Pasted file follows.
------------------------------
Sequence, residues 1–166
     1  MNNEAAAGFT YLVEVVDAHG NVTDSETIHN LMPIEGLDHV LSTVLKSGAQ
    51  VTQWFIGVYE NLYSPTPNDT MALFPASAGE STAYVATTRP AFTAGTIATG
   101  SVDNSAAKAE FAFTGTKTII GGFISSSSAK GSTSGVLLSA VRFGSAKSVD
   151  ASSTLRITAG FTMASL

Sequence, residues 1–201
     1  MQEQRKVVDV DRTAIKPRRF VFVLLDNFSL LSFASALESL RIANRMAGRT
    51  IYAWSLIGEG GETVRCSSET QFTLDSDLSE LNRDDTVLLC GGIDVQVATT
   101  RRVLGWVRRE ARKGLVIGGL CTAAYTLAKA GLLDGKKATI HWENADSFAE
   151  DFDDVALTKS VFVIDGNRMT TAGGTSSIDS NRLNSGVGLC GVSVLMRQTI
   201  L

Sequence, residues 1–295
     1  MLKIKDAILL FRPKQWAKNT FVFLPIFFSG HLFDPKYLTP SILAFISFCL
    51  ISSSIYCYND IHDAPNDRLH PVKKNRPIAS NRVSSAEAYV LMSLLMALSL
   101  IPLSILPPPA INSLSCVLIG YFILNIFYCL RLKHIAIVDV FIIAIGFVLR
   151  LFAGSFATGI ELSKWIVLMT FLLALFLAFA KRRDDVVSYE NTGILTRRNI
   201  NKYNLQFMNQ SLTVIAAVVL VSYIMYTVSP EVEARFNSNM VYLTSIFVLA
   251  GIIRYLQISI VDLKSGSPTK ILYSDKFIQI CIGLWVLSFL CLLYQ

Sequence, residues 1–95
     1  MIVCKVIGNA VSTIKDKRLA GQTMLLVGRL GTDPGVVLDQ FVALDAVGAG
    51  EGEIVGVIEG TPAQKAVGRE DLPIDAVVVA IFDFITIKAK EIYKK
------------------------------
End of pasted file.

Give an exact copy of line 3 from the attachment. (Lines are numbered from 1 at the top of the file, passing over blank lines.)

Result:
    51  VTQWFIGVYE NLYSPTPNDT MALFPASAGE STAYVATTRP AFTAGTIATG